snow/sand The two scooters are based around the
same model, with only the colourway and branding setting them apart from each other. In a commercial market there would be opportunity for further variations of the product, allowing the consumer to customise the scooter to suit their preferences.
DESIGN WEEK brief Using live hinges, you must design a homeware product for student accommodation that must be capable of compact storage.
Getting students to take the bins out is hard enough, but when bins are not designed to make that activity easy, it becomes even more of a chore. Tetrabin is designed to aid this.
The user is emptying the bin, they grab the bag on both sides and begin to pull.
On average, students live in houses or flats of 4+ occupants, this means bins fill up quickly.
The weak bag tears due to excessive friction on the inside of the bin and therefore too much force is required to pull the bag out.
When the bin is full, the bag can be tied up, and the magnetic tabs on the bin can be detached, allowing the bin to unfold.
To solve this issue, Tetrabin has been introduced.
Once the bin has unfolded, the user can simply pick the bag up and take it to their dustbin. There is no longer a user-product struggle.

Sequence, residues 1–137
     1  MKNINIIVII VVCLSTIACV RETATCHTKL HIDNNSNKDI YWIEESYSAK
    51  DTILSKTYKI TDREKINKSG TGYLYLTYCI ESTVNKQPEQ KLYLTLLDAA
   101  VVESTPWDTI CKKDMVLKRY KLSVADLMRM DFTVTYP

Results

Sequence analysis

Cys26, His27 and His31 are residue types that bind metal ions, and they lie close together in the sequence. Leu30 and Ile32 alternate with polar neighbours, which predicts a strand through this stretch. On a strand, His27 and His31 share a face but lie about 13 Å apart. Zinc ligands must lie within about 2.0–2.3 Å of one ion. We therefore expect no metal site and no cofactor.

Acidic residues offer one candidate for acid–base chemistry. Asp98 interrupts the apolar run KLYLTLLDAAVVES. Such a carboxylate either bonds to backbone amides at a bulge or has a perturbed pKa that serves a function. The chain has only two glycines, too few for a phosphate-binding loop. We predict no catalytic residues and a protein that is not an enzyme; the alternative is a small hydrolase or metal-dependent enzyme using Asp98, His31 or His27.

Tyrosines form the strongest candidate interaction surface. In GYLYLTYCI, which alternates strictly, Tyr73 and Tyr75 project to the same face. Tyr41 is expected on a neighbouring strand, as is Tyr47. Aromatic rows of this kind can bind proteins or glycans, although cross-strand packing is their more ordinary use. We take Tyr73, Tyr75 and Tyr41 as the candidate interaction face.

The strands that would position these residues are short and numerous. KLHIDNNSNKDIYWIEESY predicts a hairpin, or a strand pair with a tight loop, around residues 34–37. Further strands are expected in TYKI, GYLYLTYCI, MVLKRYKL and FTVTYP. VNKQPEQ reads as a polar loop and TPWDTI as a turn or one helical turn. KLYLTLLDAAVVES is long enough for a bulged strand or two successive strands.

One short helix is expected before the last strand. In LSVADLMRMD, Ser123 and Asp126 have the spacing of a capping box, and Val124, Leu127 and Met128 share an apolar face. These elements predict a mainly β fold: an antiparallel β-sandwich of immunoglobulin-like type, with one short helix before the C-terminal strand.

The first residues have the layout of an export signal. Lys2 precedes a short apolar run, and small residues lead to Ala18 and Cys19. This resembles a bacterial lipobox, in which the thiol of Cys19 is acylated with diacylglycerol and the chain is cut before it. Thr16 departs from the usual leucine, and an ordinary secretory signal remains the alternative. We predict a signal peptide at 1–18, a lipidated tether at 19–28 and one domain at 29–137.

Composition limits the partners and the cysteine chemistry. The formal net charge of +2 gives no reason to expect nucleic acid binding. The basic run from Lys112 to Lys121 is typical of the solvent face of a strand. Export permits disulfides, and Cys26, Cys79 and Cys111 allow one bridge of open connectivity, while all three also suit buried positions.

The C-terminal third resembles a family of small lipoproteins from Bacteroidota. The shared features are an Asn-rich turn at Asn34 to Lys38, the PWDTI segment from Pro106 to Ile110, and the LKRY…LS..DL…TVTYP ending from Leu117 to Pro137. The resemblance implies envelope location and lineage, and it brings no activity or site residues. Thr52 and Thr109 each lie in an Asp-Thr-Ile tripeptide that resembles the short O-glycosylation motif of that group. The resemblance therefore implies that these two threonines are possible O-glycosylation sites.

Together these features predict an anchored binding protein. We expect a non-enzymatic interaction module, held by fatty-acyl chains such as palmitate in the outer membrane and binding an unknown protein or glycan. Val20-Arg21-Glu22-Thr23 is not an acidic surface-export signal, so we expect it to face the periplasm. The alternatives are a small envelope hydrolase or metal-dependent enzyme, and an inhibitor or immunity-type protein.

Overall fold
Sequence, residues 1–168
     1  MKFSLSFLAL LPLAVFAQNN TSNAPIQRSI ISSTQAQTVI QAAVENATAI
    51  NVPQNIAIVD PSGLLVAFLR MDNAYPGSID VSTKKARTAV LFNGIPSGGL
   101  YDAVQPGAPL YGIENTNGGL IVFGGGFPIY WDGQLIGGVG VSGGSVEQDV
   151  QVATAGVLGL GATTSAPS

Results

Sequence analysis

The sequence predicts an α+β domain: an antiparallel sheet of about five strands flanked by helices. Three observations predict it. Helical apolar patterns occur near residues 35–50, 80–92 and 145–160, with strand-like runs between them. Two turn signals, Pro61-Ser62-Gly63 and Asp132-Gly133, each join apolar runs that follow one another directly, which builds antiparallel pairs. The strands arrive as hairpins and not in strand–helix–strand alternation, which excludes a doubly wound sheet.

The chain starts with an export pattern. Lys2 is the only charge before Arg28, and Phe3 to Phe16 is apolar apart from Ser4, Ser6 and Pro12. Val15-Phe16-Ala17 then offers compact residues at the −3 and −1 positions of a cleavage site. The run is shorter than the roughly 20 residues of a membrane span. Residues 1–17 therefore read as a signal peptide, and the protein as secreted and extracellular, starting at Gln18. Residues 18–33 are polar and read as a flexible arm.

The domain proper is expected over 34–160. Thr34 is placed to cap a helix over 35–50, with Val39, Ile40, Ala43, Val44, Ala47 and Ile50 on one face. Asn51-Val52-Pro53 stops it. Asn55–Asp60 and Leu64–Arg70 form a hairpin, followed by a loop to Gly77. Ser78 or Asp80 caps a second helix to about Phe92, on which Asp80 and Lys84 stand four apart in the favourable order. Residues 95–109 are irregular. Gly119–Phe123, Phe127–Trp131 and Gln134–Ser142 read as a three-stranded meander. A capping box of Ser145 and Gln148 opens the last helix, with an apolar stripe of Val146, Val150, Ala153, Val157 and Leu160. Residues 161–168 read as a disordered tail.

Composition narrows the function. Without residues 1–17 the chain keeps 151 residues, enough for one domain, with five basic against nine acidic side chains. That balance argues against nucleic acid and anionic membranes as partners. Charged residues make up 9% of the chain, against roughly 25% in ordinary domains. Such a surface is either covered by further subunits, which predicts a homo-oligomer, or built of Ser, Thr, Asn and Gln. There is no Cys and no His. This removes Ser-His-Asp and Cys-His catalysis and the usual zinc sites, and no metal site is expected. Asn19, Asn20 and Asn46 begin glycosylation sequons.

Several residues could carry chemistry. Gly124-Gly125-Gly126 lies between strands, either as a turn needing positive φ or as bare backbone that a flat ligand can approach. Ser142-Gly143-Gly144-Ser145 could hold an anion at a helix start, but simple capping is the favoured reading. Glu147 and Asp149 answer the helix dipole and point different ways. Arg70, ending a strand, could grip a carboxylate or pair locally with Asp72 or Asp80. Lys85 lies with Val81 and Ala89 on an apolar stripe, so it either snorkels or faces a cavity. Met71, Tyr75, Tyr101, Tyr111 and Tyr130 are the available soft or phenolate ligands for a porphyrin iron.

As a result, some contents of the bag has poured out onto the floor, meaning that the user must now clear up the mess as well as use another bag to secure the rest of the waste; the task has left the user feeling frustrated.
tetrabin photo of initial models The simple geometric logo offers a recognisable brand identity. As the product is a homeware bin, excessive branding is not necessary, however, product branding is key to establish a name within the market. Due to this being a live 1 week brief, rapid prototyping was essential to the fast progression of the project. The initial prototypes were developed using paper and card, before moving onto the 3mm and 5mm foamboard to more accurately represent Polypropylene - the material that the product would be manufactured from. Using the foamboard allowed me to experiment with different geometry in order to gauge feasibility of my concepts.
â€œrapid prototyping was essential to the fast progression of the projectâ€?
â€œTetrabin is a twist on the conventional bin, utilising live hinges to enable easier unloading for the userâ€?
injection mould tool brief Design and manufacture an injection moulded promotional widget for a company of your choice. The project involves an individual folio development stage, followed by group manufacture of the chosen injection mould tool.
This project began with an individual folio submission through which each student developed an individual promotional widget, and its injection mould tool, for a company of their choice. After this stage, we were grouped and given the task of choosing one of these individual products to take forward into the manufacturing stage; our group chose the â€˜ski pole holderâ€™ design, developed to incorporate the brand Scott.